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Re: Moving forward with SDP control

From: Stefan Håkansson LK <stefan.lk.hakansson@ericsson.com>
Date: Thu, 18 Jul 2013 12:21:38 +0000
To: Harald Alvestrand <harald@alvestrand.no>
CC: "public-webrtc@w3.org" <public-webrtc@w3.org>
Message-ID: <1447FA0C20ED5147A1AA0EF02890A64B1C31909C@ESESSMB209.ericsson.se>
I have two "Why+What's" and one "How":

1. Pause/resume sending of a MediaStreamTrack
---------------------------------------------
Why: There are many scenarios where it would make sense to be able ask 
the browser to send a MediaStreamTrack (while keeping RTCP going). One 
example is in a multiparty service using simulcast. If the large scale 
version of your video is not shown for any of the other participants in 
the session, it makes sense to pause the sending (but be able to quickly 
resume if a talker switch means your video will be shown).

Currently we have "disable" on MediaStreamTrack level, but that 
corresponds to sending blackness /silence.

Note also that the very first use-case in [1] talks about the 
possibility to pause sending of audio and video.

What: This depends on how we signal pause/resume. *If* this is done by 
using sendonly/recvonly/inactive in the SDP this is what I think should 
be available in an API. (I still think RTCP signaling for this makes 
more sense.)


2. Setting BW for a MediaStreamTrack
------------------------------------
Why: There are situations where a suitable start bit-rate can be known, 
or guessed. If this knowledge could be used the perceived end-user 
quality could be improved (since a higher quality is available from 
start since there is no need to start at a really low bit-rate).

There are also situations where it could be beneficial if min and max 
bit-rates to be used can be influenced.

* The app developer may know that below a certain bit-rate the quality 
is so bad that the browser could stop sending it, and likewise there may 
be knowledge about a bit-rate above which the quality does not improve.

* There are situations when there is an agreement between the service 
provider and the connectivity provider about min and max bit-rates.

What: Again, this depends on how much BW info is included in the SDP. 
But my understanding is that there should be some (since RTCP rates to 
be used are based on this info IIUC).

(3. Other stuff, but not signaled
--------------------------------
There are other parameters on how media (per MediaStreamTrack) is 
handled when to be sent over the network that do not need any signaling 
- such as priority, type of audio (to determine if AGC should be used or 
not), etc., mentioned in [1]. While not signaled, it could make sense to 
have the same API surface for this kind of settings.)

How:
----
I think that what I proposed a long time ago [2] is not completely 
broken. I mimics the DTMFSender pattern, it re-uses the constraint model 
that we already have in "Media Capture and Streams" [3], it offers one 
surface to control parameters related to sending a MediaStreamTrack over 
the network. It also does not break any existing applications since the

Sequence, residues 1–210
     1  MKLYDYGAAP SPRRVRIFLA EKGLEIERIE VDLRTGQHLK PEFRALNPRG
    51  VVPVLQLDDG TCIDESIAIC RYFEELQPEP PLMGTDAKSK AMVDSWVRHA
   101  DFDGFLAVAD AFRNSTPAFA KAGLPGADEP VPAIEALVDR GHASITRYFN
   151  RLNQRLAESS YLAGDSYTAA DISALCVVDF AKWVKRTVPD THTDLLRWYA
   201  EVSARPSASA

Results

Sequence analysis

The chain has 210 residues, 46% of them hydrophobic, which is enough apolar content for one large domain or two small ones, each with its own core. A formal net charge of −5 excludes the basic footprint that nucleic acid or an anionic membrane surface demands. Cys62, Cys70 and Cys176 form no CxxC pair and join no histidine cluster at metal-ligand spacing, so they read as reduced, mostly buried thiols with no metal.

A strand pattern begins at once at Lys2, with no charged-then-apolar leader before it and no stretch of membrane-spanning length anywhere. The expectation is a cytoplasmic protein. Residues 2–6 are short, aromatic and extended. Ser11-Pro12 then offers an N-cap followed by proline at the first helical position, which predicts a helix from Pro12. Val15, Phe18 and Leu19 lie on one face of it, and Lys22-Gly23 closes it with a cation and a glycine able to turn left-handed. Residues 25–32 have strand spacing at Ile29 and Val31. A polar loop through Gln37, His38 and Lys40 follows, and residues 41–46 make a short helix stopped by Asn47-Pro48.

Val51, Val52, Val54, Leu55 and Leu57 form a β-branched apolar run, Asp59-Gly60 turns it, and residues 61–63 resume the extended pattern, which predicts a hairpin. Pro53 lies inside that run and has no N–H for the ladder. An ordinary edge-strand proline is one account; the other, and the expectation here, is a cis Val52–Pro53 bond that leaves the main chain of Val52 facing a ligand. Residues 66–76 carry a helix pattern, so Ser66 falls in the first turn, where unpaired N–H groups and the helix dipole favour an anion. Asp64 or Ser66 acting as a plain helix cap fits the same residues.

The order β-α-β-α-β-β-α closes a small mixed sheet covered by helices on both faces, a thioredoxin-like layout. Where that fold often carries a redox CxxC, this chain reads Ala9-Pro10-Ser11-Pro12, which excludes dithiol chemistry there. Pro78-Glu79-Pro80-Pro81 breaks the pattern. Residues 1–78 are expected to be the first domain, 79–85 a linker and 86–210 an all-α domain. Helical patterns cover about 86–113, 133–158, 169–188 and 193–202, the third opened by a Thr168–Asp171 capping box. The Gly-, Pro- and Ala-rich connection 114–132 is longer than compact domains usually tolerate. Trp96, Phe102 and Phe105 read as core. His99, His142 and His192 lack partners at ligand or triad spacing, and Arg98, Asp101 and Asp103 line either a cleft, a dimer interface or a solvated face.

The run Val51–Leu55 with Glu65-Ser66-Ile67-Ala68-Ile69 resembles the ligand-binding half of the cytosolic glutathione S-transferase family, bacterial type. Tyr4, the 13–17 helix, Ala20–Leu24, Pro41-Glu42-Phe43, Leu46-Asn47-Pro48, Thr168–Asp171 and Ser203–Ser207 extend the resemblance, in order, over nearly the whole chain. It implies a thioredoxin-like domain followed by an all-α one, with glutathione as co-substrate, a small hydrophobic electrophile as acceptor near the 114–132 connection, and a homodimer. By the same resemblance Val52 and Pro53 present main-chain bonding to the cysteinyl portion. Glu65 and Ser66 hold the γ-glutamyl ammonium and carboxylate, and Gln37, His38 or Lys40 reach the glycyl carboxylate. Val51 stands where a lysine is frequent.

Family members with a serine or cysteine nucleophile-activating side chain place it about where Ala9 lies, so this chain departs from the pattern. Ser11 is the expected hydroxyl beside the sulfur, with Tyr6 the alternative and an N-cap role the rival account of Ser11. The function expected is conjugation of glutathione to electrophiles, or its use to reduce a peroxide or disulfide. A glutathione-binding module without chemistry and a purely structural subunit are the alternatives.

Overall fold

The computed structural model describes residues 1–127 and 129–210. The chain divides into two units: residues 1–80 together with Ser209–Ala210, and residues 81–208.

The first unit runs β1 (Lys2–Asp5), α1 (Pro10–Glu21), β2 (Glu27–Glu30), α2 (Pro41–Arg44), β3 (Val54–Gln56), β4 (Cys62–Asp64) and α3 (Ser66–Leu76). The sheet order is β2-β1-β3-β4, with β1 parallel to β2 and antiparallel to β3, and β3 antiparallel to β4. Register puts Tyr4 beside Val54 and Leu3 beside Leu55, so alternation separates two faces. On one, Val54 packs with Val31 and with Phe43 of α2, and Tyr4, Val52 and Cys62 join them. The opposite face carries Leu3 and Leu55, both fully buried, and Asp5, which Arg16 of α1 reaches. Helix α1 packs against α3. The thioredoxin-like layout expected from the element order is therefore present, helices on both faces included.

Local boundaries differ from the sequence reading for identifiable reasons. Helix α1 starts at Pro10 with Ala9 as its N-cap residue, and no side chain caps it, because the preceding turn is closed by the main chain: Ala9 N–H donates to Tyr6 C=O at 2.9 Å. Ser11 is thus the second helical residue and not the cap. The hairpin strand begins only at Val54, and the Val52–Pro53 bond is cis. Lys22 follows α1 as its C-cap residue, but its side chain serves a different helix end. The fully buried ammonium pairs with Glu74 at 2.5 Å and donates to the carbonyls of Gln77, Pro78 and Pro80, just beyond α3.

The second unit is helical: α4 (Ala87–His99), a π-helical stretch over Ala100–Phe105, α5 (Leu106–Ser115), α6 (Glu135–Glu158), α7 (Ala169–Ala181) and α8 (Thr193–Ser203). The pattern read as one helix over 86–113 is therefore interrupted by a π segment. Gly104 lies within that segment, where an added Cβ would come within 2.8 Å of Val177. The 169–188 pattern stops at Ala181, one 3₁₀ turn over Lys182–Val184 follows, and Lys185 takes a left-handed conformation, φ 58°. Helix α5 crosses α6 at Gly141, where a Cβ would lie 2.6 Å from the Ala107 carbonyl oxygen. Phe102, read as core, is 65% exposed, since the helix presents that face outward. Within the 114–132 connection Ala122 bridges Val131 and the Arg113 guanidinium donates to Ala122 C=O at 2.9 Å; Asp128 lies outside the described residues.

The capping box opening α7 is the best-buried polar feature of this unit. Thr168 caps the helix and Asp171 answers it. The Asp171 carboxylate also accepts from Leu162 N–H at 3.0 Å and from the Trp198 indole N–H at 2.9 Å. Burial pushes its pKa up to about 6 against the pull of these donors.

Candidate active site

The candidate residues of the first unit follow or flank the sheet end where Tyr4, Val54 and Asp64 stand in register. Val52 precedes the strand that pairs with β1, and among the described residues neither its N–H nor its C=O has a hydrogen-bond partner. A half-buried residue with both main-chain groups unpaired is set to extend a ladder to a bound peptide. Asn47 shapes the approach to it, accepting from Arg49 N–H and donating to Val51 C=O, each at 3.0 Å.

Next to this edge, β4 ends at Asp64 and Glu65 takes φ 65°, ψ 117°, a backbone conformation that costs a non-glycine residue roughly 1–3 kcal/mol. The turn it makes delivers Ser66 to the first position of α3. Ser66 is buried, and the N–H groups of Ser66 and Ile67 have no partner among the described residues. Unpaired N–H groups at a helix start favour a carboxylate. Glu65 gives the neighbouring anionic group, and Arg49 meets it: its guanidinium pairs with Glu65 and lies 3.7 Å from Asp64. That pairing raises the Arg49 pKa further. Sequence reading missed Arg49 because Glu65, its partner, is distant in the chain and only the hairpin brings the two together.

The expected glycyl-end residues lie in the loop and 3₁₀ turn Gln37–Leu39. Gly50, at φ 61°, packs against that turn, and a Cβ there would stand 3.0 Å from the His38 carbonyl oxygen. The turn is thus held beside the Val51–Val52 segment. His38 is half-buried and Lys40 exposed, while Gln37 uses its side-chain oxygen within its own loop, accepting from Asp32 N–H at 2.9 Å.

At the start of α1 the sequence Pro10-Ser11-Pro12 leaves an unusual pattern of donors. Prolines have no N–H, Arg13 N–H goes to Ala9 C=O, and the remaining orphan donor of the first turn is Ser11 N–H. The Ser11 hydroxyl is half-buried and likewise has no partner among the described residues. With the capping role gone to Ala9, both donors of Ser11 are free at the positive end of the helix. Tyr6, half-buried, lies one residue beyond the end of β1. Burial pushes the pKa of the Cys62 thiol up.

use of it is not needed. Using certain constraints or methods would lead 
to a "negotiationneeded" event since the SDP is affected, others would 
not (since they will not need any signaling).

But I'm sure we will see better proposals.

Stefan

[1] 
http://datatracker.ietf.org/doc/draft-ietf-rtcweb-use-cases-and-requirements/?include_text=1
[2] 
http://lists.w3.org/Archives/Public/public-webrtc/2013Jan/att-0005/PrioAPI.pdf
[3] http://dev.w3.org/2011/webrtc/editor/getusermedia.html



On 7/16/13 2:19 PM, Harald Alvestrand wrote:
> Hi all,
>
> Recently there has been a lot of discussion (primarily in the
> IETF/rtcweb space though, but this topic really belongs here) about the
> desire to meet most use-cases without having to parse, modify or
> construct SDP.
> This was discussed already as part of the discussion on whether
> PeerConnection and SDP should be maintained or not last year [1].
>
> In the meantime, a number of API extensions have been created, notably
> the constraints setting and modification interfaces, which seem likely
> to be useful in achieving the goals people seek to achieve by SDP mangling.
>
> However, this work has not progressed very quickly, or very comprehensively.
> It may be time for a more structured approach.
>
> We think it makes sense to divide the information needed into subcategories:
>
> * Define the use cases for which SDP mangling is currently thought to be
> required - the "why" of the SDP tweaking.
>
> * Propose what parameters one should be able to control/influence
> without having to do SDP mangling. A proposal should describe what the
> current API specification produces, what the needed mangling is, and
> what the desired effect of the mangling is - the "what" of the SDP tweaking.
>
> * Propose suitable API surfaces to control/influence how media is
> encoded and transported over the network - the "how" of the SDP
> tweaking. We think that a requirement should be that working
> applications do not break when adding this surface - if it is not used
> things should work as today.
>
> Someone may make a proposal encompassing all 3 pieces of information
> (why, what and how) - or just some of the first ones - or a proposal for
> a latter one that builds upon others' proposals (a "how" building on
> someone else's "why" and "what"). But we would not want to consider a
> "how" without a "what", or a "what" without a "why" - it just becomes
> impossible to figure out whether the original requirement is satisfied
> if we don't build all 3 layers of the proposals.
>
> Does this sound like a way we could move forward?
>
> Harald for the chairs.
>
> [1] http://lists.w3.org/Archives/Public/public-webrtc/2012Sep/0098.html
>
>
Received on Thursday, 18 July 2013 12:22:02 UTC

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